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steps are being taken to curb hostile cross-border activities. There is a sense in India that the civilian leadership in Pakistan may not be fully in command, and that the army and security agencies may have their own views on this matter. Such apprehensions have been repudiated by the other side but cannot easily be laid to rest. Notwithstanding their significant differences on this vital matter, it is necessary for the two sides to remain engaged and seek some common ground against the threat of terrorism. A revived dialogue would also need to address other long-standing disputes, like Sir Creek and Siachen, and, as has often been suggested, it may be time to re-examine and expand the structure of the dialogue process itself in order to obtain better results.
One key issue on which talks have not come to a halt is Kashmir, which has been under discussion through a special back channel between the two governments. Reports from knowledgeable individuals engaged in this effort suggest that they have actually got somewhere. A four-point formula for a settlement has emerged from the secret talks, which could be a significant advance on this most intractable of issues. It may be that the time has come to bring the back channel conclusions out into the full light of day. They derive from the efforts of the previous government but may still offer a chance of bilateral reconciliation.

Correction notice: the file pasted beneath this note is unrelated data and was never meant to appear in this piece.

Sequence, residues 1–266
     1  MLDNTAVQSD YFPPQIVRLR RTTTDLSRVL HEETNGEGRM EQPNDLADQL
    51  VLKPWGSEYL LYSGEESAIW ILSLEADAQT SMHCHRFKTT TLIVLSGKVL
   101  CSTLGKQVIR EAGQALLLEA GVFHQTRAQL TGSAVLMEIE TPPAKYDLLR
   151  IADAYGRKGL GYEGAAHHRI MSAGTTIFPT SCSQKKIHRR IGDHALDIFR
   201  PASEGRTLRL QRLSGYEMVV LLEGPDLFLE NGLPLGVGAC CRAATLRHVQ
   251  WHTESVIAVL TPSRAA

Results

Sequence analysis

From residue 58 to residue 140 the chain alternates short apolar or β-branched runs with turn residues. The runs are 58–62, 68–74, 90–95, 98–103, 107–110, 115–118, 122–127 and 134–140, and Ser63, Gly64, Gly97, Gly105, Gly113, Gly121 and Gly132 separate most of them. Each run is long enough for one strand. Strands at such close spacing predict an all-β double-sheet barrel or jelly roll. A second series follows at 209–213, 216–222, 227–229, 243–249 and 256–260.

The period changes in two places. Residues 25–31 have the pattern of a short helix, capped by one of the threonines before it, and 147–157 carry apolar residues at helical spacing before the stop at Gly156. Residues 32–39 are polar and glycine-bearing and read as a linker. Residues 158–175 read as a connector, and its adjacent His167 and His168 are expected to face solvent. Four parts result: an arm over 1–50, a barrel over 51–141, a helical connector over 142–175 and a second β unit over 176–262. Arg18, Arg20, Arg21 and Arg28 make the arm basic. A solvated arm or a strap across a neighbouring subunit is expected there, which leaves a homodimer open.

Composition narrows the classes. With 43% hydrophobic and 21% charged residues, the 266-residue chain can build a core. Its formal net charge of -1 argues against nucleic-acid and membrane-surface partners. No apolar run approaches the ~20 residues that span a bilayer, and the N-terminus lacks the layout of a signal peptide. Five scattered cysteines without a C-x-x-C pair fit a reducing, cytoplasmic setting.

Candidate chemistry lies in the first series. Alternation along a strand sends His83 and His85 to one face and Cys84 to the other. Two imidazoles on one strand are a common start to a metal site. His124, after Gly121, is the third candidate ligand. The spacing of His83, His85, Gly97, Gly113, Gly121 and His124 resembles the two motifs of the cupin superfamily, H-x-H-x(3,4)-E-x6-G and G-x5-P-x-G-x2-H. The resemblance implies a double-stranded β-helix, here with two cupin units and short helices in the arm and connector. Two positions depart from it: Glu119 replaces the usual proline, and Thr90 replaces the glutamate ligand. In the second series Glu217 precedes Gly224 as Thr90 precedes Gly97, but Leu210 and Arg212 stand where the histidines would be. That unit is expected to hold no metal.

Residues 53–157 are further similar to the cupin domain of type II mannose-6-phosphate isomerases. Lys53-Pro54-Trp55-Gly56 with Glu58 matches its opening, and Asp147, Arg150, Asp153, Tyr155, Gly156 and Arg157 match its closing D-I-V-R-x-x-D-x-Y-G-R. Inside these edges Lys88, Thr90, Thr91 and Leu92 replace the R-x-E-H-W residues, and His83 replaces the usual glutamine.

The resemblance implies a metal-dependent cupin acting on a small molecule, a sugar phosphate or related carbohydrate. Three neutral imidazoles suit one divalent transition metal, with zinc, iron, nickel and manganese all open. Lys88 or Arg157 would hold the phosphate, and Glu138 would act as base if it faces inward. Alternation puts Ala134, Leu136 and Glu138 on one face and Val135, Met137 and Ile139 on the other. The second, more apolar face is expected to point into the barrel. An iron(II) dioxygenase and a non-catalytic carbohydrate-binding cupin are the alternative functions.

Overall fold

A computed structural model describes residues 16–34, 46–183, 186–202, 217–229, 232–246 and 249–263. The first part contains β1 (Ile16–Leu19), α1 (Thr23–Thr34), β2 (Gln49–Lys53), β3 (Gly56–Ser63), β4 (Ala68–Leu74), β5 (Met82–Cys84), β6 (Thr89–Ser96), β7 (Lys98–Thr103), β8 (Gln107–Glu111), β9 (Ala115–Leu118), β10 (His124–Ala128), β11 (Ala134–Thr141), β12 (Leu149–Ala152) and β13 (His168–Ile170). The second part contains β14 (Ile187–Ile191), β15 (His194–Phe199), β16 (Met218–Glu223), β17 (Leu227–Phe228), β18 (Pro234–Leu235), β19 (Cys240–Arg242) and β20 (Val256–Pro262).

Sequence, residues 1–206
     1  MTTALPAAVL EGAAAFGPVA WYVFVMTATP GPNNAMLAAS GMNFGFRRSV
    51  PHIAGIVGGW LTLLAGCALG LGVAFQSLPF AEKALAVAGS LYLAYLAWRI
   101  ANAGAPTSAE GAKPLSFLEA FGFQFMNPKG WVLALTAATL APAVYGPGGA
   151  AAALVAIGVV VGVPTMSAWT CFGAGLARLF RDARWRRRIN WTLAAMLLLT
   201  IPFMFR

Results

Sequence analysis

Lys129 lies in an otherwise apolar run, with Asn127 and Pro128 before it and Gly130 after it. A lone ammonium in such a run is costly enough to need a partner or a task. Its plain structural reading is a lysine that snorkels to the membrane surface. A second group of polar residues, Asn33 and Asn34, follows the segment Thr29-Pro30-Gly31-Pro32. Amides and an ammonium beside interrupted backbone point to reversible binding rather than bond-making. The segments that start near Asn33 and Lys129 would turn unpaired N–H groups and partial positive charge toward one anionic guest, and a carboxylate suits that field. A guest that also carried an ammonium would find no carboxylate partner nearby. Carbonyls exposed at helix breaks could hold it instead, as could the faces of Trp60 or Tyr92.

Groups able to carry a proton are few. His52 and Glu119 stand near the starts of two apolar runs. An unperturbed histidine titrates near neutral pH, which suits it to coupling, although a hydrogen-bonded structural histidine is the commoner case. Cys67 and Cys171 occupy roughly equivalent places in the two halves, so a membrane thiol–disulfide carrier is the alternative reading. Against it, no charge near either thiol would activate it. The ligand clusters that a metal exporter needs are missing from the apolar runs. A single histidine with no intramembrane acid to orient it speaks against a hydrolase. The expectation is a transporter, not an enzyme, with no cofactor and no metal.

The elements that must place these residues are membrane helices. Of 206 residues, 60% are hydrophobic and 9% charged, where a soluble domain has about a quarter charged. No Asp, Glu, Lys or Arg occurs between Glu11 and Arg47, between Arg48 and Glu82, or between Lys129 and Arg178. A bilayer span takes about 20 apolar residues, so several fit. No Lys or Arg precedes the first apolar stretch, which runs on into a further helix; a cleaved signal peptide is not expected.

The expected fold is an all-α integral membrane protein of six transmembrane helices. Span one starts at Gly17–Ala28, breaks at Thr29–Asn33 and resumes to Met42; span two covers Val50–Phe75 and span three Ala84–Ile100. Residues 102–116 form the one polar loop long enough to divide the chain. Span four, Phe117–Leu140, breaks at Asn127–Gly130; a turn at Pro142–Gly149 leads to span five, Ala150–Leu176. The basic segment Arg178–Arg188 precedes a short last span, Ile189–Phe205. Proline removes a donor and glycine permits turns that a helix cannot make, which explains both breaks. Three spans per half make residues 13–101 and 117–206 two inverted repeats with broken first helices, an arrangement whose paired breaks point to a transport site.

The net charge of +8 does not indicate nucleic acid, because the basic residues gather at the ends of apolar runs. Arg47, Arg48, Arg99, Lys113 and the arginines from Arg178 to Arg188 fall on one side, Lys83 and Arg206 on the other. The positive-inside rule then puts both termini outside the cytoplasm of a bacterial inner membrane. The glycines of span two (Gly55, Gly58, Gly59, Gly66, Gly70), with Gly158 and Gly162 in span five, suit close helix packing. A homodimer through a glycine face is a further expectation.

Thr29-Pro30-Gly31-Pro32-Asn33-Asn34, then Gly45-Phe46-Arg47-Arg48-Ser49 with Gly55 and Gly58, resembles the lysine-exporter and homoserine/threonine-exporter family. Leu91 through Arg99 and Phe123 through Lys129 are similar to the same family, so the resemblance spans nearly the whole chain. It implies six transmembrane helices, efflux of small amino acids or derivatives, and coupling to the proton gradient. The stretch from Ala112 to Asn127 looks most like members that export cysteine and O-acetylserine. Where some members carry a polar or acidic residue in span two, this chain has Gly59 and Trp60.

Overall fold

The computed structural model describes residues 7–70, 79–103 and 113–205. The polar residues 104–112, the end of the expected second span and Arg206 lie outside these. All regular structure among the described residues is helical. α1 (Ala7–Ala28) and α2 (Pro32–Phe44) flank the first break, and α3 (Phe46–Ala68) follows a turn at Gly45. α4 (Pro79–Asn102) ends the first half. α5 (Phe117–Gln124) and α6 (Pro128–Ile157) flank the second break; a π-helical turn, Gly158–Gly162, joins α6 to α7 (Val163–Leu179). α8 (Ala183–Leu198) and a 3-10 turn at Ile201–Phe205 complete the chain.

Ultimately, progress in Indo-Pak matters depends not so much on negotiations between experts as on the conviction and commitment of the leaders. The abiding model is Atal Bihari Vajpayee’s bus yatra, which was a direct thrust to the core of the matter. A comparable effort is needed today to achieve the results everyone desires. It may not be possible to resolve all issues in one go, but it will take a hard push from the top if we are to get anywhere.
The writer is a former foreign secretary